Behavioural science has sometimes seemed to be an afterthought for policymakers during the pandemic. Celia Blanco-Jimenez (LSE) rewatches two LSE events in May and November and looks at how our thinking has evolved.
How have 10 months of living in a COVID world shaped behavioural scientists’ thinking, and how has it evolved? To get a sense of how perspectives have evolved, I revisited two public discussions on behavioural science and COVID hosted by the LSE. The first was in May, with Nick Chater, Liam Delaney, Paul Dolan, Ulrike Hahn and Grace Lordan. The second took place in November, this time with Nick Chater, Paul Dolan, Grace Lordan, Tali Sharot and Rory Sutherland.
The need for multi-disciplinarity and diversity in the decision-making process
One of the main concerns in both events was the need for multi-disciplinarity in the decision process. This is not just a health, but also an economic and social pandemic, in which all sciences, including social sciences, should have a voice. While economics seems to have increased its weight in the conversation, the social side has been almost entirely disregarded. We have not become better at including all sciences and breaking down disciplinary barriers, or at least not yet.
Another concern that has become apparent during the last six months is the need for diversity and inclusion: we need to consult those who know something about those whose lives are affected when taking radical policy decisions. The focus of the conversation seems to have veered from compliance to social issues raised by lockdowns, as we become more aware of them. The response to the “Protect the NHS” message led to people avoiding treatment, and ultimately cost lives. Indeed, some studies suggest deaths from cancer misdiagnoses will surpass those from COVID.
The lack of inclusivity is also revealed in the demographics of the decision-makers, who are mostly middle-aged men in their 50s, highly paid and able to work from home. These people who are not most affected by the measures, and are at an age when existential dread is at its highest.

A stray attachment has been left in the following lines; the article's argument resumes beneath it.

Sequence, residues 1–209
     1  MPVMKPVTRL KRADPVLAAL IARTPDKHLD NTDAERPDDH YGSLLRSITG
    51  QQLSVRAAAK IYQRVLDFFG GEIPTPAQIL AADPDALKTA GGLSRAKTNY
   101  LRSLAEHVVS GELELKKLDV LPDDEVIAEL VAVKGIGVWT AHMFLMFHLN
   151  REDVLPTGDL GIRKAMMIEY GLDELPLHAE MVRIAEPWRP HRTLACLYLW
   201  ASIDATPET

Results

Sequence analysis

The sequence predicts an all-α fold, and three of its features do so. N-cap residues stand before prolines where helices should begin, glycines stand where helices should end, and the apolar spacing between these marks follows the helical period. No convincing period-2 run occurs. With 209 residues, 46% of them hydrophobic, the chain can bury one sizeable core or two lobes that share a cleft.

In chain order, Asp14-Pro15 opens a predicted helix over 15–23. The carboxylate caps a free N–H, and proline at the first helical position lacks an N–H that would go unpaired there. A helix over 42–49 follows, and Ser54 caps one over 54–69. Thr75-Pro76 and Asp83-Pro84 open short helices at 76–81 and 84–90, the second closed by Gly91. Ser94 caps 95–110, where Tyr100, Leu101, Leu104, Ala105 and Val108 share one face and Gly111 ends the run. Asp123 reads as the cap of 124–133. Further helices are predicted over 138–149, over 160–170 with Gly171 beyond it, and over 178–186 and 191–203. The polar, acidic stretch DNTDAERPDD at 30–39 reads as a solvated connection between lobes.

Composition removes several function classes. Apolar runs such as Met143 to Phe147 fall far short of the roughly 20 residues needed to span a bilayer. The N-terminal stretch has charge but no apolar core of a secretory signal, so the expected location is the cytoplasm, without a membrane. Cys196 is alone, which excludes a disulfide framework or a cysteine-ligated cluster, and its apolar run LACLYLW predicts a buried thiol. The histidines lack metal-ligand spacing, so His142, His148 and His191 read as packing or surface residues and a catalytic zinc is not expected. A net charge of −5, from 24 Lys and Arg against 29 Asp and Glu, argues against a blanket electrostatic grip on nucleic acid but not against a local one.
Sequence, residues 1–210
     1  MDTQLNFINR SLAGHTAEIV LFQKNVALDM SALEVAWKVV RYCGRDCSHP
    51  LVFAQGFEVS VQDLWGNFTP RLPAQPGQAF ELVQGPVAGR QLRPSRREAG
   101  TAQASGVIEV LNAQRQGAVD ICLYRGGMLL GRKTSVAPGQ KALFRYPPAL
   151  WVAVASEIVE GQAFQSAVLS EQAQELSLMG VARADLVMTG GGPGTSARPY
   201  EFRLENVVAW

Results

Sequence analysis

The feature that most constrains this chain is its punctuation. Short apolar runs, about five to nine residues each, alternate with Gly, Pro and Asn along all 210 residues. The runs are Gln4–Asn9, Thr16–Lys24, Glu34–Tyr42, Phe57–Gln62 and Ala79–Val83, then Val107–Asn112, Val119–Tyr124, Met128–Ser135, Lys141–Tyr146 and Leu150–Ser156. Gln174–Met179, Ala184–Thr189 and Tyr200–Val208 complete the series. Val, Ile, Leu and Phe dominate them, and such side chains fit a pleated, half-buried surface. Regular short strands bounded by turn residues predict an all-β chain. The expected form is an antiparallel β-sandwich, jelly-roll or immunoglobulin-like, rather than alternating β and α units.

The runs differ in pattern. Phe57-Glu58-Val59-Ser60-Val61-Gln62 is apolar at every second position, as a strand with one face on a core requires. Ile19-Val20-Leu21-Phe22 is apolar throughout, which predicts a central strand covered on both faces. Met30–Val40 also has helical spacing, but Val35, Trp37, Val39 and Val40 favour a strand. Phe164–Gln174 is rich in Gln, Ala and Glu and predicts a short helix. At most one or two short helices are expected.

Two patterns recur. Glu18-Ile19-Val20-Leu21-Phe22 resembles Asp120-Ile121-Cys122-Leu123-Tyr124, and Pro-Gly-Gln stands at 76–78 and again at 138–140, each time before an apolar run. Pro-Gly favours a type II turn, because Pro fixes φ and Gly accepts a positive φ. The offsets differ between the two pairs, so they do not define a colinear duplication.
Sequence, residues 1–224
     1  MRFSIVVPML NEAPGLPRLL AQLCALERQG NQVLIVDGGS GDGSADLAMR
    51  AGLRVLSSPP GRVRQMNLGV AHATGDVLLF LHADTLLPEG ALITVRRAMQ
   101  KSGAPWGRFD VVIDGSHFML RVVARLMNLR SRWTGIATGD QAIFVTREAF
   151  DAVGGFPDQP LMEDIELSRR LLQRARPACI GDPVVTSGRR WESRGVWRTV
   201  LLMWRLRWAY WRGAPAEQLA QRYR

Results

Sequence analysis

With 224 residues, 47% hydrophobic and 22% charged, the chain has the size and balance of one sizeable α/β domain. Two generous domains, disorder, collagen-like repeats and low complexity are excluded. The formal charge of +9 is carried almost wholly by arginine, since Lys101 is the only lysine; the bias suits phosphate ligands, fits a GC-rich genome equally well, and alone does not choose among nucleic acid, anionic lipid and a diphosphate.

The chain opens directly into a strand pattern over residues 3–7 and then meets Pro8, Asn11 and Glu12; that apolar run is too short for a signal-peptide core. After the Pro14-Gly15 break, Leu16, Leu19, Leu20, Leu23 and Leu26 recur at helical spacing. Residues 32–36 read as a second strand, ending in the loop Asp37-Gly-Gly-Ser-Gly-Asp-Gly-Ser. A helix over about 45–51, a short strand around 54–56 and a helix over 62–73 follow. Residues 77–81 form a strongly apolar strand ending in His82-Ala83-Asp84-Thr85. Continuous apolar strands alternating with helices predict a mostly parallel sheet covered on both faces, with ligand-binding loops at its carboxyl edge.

Increasing worries about social impacts
Over time, we have witnessed some of the social impacts of lockdowns. While the prospect of children falling behind in school was raised back in May, we now have data revealing that some disappeared altogether from the school system after schools were closed. “Stay at home” is a good message if you have a warm, cosy home, but this is not the reality for everyone.
Mental health was repeatedly raised in these conversations. Concerns were raised in May, but we now have data. The good news is that people seemed to go back to initial levels of wellbeing after a month of lockdown in the US. But while we know that adaptation is generally strong for both good and bad shocks, there is no adaptation when it comes to mental health – one does not ‘get used’ to being depressed. People with pre-existing mental health issues will struggle to adapt to the new reality, and will be most affected by the measures. Policy measures should reflect this.
Permanent or transitory changes?
Which things will go back to normal, and which are changed forever? This is a recurrent conversation, and it seems likely that changes already in progress have accelerated. An increase in working from home, and a reduction in unnecessary travel will probably persist, as well as events like conferences being held online. Another concern was whether online university learning would become the norm, in which case we could see a winner takes-it-all scenario. Nonetheless, things do tend to revert to normal; the recovery of confidence in air travel after 9/11 is an example.
The changing role of behavioural science
Discussion about the role of behavioural science in pandemic policy has also changed. In May, the focus was on trust and compliance, and how it could help with scenario planning, as well as the new concept of “behavioural fatigue”. Experts soon discredited this concept: most of us brush our teeth every day without growing tired of it and eventually stopping, and there is no reason to think norm compliance will be different. Behavioural science seems to have become the “science of compliance and hand washing”, instead of contributing to issues such as dealing with loneliness and isolation, or how to ameliorate the negative social impacts from the measures.
What about welfare?
The question of whether we should – or are able to – include welfare analysis is still up for discussion. Some experts are of the opinion that it is not possible in such complex circumstances, where the government is acting on the basis of disaster avoidance rather than cost-benefit analysis. Others claim that some sort of welfare analysis is necessary in order to prevent people “falling through the cracks”. The persistent focus on lives vs livelihoods is problematic in this respect, as health and economics are not the only factors. Dimensions such as abuse, mental health, children out of school, the long term effects of unemployment, and missed appointments that lead to cancer misdiagnoses need to be accounted for when considering the mortality figures. Only then can we have a conversation about trade-offs, and ultimately it may not be about lives vs livelihoods, but about lives vs lives.
Most agreed that the government has become more sensitive to social issues. For example, schools were not closed during the second UK lockdown. Nonetheless, we still badly need diversity and inclusion in the decision-making process, especially in order to ensure social impacts get a voice.
This post represents the views of the author and not those of the COVID-19 blog, nor LSE.